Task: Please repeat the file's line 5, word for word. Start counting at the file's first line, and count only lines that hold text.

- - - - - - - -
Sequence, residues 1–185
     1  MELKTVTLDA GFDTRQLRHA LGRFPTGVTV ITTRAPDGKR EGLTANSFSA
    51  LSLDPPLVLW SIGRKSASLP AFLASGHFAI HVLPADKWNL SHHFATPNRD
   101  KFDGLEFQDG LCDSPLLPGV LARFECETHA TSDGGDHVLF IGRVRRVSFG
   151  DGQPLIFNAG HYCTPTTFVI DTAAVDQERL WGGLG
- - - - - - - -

   151  DGQPLIFNAG HYCTPTTFVI DTAAVDQERL WGGLG